“He didn’t hesitate,” McCoy said of Bradford. “He moved David over and checked to the right play and the rest is history.”

Those who practice with and against Bradford daily don’t think he needs any more preseason reps.

Pugh just wants to see him jog out to the huddle for the first play against Washington, and left tackle D.J. Humphries took it one step further.

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“I actually don’t want Sam to put a helmet on anymore,” he said. “Personally, I don’t want to see Sam until Washington. I don’t know what everybody else needs to see.

“But I’m also not a coach. I get paid to block people and not make orders. I don’t need to see nothing from that dude. At all.”

Johnson thinks Bradford is already ready.

“He knows what he has to do,” Johnson said. “He’s been really lighting it up.
“I already knew he was going to be ready to go before we even played the preseason. It’s really good to see him come out and play really well.”

Bradford has been “as good as advertised,” Fitzgerald said. His passes have “zip” on them, said Pugh, who added Bradford has been “commanding” the huddle.

“He’s ready to go,” Pugh said. “He looks great out there.

“He’s a completion machine. Leads his team. We go as he goes, so I’m excited about it.”

From facing Bradford in practice, veteran safety Antoine Bethea sees a quarterback who’s already making the right throws in the right reads while diagnosing the right coverages.

“Really, just for him personally, how does he feel?” Bethea said. “From the sidelines, from going against him in practice, he looks good to me.”

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TEMPE, Ariz. — Josh Rosen likes a good debate.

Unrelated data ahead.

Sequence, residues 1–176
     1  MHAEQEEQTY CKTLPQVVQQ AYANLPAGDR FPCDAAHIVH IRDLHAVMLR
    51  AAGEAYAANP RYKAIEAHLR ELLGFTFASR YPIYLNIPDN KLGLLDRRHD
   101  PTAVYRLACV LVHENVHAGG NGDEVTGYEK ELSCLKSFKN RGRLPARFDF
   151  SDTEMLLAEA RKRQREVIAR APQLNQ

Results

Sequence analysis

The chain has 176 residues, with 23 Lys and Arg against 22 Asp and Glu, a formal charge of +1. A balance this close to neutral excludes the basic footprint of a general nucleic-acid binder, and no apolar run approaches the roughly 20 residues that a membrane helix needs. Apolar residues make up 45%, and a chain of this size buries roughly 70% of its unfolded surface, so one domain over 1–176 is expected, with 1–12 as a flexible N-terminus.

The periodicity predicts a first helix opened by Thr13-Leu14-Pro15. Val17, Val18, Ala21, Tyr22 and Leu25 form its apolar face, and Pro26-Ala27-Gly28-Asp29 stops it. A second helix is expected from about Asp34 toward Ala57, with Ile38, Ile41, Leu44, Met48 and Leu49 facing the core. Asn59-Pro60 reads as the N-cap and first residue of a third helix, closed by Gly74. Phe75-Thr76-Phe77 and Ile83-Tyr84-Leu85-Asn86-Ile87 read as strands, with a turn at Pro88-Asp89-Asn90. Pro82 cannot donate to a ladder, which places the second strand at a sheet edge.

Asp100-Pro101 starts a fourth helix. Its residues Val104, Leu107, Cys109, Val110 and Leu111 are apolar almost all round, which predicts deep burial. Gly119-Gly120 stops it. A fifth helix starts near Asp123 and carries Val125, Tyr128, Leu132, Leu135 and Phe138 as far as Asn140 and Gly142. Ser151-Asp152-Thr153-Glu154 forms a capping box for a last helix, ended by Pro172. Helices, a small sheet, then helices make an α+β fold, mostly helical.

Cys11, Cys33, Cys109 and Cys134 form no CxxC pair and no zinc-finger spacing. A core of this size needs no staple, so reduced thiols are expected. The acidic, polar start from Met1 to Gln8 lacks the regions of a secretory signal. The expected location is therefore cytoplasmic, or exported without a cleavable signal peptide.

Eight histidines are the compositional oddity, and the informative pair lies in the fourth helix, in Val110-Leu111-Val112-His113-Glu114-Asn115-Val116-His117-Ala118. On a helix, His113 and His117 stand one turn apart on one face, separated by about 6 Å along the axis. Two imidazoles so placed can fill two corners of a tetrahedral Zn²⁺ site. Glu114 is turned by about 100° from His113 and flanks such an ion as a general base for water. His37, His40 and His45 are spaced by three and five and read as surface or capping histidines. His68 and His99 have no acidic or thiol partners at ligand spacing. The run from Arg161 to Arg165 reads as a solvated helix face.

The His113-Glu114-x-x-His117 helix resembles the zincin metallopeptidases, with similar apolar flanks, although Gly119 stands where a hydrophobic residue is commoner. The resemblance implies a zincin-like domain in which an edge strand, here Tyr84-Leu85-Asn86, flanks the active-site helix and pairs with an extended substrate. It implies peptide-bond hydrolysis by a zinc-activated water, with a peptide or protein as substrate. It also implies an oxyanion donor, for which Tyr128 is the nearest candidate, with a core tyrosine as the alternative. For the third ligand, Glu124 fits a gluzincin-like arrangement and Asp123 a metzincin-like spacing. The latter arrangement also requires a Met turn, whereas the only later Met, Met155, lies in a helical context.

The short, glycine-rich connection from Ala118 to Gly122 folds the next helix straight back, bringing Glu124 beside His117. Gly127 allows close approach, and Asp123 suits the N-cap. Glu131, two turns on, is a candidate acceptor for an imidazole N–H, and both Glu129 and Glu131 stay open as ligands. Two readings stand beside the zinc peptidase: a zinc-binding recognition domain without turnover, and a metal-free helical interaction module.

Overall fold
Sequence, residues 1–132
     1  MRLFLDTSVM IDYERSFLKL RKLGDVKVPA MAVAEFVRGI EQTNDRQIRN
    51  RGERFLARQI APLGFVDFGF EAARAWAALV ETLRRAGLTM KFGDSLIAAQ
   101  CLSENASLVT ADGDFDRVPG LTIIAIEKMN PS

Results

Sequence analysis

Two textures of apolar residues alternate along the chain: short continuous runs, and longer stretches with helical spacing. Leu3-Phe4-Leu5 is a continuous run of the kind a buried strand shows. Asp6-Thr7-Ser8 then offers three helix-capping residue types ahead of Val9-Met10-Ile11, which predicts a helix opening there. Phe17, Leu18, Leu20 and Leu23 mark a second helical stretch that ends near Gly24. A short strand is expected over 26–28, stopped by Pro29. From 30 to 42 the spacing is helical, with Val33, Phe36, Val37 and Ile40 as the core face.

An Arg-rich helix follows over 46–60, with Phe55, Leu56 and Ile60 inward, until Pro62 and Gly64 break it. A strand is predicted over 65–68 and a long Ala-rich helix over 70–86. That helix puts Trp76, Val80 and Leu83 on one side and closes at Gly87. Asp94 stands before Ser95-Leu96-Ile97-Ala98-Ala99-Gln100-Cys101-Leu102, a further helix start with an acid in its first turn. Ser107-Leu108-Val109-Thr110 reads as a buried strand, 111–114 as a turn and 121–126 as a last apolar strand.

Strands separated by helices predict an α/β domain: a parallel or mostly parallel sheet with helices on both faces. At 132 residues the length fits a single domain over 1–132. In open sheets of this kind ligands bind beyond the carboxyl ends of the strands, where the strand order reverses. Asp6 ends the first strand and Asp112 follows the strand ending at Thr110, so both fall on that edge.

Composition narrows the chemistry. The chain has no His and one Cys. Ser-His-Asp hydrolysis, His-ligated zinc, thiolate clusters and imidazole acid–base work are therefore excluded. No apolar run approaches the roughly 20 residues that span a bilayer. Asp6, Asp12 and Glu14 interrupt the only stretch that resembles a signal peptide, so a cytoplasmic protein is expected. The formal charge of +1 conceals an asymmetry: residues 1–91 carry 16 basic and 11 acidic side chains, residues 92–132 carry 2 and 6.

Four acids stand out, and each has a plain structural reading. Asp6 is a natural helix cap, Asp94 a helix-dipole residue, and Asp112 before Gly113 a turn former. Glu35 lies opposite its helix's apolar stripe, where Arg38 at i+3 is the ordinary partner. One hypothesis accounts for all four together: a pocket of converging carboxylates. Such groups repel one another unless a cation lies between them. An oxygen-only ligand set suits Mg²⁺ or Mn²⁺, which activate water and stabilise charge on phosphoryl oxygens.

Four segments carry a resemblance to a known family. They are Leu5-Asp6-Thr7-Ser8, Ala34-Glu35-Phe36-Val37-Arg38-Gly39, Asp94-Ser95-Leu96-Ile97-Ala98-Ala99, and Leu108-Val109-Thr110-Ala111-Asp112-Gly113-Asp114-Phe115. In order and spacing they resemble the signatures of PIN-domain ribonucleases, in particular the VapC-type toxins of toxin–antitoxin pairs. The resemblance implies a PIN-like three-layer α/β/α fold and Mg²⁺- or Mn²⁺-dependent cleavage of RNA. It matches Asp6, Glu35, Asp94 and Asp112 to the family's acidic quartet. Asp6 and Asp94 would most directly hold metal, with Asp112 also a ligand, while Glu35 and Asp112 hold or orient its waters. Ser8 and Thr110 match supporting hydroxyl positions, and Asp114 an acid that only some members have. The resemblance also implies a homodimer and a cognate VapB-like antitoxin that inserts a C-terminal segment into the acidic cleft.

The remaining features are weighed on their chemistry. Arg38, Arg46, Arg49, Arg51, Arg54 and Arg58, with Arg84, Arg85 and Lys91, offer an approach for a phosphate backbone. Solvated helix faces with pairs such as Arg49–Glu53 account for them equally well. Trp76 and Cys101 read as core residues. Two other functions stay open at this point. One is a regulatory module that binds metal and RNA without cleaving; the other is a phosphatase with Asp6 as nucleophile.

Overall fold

It doesn’t matter the topic, the Arizona Cardinals rookie quarterback has an opinion on it. Politics. Religion. Sports. Any of it. All of it.

While attending UCLA, Rosen, an economics major, lived with two political-science majors who were good friends with former Bruins center Scott Quessenberry. As a result, Quessenberry spent a lot of time studying at their house.

Quessenberry and his friends would often start debates while sitting in the living room. Rosen, who would be in his room, was known to come out and join in. And it didn’t take long for lines to be drawn. Sometimes it was fair, two versus two. Sometimes it wasn’t, with Rosen taking on all three by himself.

“Especially during the election season, my roommates, we would all get into it,” Rosen said. “It would get really, really heated, but it would never pass that point. It was always a lot of fun. I love debating, whether it be about anything, but I think it’s healthy. It’s like a lot to do with how to navigate life and whatnot.”
Josh Rosen’s personality was the source of many debates during the pre-draft process. Ross D. Franklin/AP Photo